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Myth or History?

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  • B P
    Really great insight re the soldiers of WWI comparison with the hobbits of Bilbo s era. Now going out on a limb I must ask this forum a controversial question.
    Message 1 of 14 , Sep 17, 2011
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      Really great insight re the soldiers of WWI comparison with the hobbits of Bilbo's era. Now going out on a limb I must ask this forum a controversial question.

      Is there any chance Tolkien got hold of some 'forbidden' histories of the old world and was allowed to present them as fiction and as his creation? As we know all cultures speak of the ancients and their era full of mysticism and magic. Yet mainstream academia claims it all to be false and mere myth and exaggeration. In my view the worlds of Tolkien and Howard (Conan's universe)in particular, read like authentic histories.

      Im not saying I believe this theory but both of these writers appear to have tapped into an alternate history of the world.

      --- In TolkienDiscussions@yahoogroups.com, "Bruce Alan Wilson" <bruce_alan_wilson@...> wrote:
      >
      > I think this is the reflection of JRRT's WWI experience.
      >
      > His unit was the local militia from Greater Birmingham--factory workers, farmhands, bank clerks, college students, schoolteachers, shop assitants, office clerks; basically a cross-section of English society of the time, leaving out the nobility and landed gentry.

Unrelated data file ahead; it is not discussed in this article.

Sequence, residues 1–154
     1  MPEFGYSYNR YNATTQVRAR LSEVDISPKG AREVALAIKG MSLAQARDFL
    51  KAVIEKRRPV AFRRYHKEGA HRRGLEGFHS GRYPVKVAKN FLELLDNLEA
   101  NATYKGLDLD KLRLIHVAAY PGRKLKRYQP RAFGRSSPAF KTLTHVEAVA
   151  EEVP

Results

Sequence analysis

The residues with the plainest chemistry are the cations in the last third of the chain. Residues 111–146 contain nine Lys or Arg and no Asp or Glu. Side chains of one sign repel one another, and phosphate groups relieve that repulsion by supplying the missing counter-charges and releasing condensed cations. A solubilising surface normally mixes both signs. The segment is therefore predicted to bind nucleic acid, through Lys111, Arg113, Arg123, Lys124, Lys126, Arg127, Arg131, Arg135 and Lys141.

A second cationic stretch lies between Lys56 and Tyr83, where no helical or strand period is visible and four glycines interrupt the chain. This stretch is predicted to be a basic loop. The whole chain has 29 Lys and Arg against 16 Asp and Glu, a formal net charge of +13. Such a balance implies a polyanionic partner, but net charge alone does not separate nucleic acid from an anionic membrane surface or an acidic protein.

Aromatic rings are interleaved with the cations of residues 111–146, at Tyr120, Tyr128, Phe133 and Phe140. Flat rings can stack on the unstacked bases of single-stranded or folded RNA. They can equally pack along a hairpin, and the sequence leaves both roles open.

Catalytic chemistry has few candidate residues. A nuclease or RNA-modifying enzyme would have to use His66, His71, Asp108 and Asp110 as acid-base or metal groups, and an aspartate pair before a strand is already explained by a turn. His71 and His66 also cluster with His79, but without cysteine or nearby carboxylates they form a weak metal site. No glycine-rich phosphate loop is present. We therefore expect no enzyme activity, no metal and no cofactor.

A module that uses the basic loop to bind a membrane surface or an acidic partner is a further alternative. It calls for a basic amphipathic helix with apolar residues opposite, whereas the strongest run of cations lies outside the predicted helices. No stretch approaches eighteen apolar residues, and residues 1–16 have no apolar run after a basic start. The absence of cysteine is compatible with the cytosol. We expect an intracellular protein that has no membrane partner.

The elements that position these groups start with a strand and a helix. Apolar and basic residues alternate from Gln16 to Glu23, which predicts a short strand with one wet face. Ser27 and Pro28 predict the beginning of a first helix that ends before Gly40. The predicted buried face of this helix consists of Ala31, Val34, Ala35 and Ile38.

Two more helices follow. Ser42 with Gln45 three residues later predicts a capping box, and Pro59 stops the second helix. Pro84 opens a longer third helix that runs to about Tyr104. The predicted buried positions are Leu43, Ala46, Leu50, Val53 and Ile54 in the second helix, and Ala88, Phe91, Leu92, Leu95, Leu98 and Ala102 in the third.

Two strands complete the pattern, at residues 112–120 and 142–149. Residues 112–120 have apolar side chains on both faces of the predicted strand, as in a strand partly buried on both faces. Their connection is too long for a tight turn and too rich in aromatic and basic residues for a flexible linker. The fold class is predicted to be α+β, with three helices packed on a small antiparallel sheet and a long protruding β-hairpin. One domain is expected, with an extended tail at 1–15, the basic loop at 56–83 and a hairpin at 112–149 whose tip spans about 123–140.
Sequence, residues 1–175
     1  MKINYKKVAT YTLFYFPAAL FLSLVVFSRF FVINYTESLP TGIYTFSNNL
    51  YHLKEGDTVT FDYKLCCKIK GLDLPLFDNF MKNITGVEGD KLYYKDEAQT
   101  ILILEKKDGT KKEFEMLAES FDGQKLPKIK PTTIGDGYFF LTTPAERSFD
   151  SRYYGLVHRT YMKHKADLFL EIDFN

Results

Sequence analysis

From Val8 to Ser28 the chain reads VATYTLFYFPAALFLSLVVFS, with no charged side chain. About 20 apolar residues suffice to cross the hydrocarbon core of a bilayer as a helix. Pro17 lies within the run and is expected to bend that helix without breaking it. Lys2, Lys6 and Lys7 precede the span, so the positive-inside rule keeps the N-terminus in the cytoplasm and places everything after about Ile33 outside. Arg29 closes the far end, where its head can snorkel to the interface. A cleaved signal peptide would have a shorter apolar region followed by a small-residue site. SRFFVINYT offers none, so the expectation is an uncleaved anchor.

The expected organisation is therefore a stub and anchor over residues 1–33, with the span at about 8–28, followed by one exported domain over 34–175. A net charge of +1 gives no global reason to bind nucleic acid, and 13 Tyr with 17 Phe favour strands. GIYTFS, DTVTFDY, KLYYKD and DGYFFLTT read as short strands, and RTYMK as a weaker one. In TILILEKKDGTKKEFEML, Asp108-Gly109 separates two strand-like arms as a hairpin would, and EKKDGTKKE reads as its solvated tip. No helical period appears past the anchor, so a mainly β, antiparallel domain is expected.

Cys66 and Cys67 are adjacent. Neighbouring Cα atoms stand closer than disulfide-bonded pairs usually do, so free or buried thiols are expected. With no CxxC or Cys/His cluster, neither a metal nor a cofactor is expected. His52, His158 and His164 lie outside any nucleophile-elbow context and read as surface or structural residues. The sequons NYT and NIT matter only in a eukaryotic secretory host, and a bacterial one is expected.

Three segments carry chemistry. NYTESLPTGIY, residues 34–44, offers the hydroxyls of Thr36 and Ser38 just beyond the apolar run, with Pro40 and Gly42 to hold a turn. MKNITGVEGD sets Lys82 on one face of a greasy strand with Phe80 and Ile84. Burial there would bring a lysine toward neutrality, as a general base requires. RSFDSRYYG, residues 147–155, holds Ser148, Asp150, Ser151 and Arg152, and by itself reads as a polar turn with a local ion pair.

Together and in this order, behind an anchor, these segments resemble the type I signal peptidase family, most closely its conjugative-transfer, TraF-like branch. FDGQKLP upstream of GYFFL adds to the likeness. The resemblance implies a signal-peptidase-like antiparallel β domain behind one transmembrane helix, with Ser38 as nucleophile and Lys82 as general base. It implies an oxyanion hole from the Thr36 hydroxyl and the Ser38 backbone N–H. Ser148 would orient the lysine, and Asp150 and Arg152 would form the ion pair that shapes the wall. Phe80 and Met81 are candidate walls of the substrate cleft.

>
      > Yet they were the descendants of Norman knights, Saxon berserkers, Viking raiders, Celtic warriors---just needing some spark to arouse that spirit.
      >
      > Bilbo was dragged kicking and screaming out of his nice, safe, narrow, snug, smug existance as a well-to-do middle-aged bachelor into a world full of things he could scarcely have imagined. Some of it was wonderful; some of it was horrible. All of it was exciting. And he found himself doing things that nobody--least of all himself!--would have thought he was capable of doing, and discovering that he was both braver and cleverer than anyone--including himself--though he was.
      >
      > Even in the very first serious adventure with the trolls, even though he made mistakes and nearly got everyone killed, he never paniced and lost his head.
      >
      > Bruce Alan Wilson
      > http://www.wvdemolay.org/
      > http://main.nationalmssociety.org/goto/Bruce_Alan_Wilson_2011
      >
      > The bicycle is the most civilized conveyance known to man. Other forms of transport grow daily more nightmarish. Only the bicycle remains pure in heart. ~Iris Murdoch, The Red and the Green
      >
    • Jack
      Tolkien did in fact claim to be translating from ancient Elvish manuscripts. This may be true, but of course he had written the Elvish himself! ... Jack ...
      Message 2 of 14 , Sep 17, 2011
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        Tolkien did in fact claim to be translating from ancient Elvish manuscripts.

        This may be true, but of course he had written the Elvish himself!

        :o)
        Jack
        -----Original Message-----
        From: TolkienDiscussions@yahoogroups.com
        [mailto:TolkienDiscussions@yahoogroups.com] On Behalf Of B P
        Sent: 17 September 2011 16:15
        To: TolkienDiscussions@yahoogroups.com
        Subject: [TolkienDiscussions] Myth or History?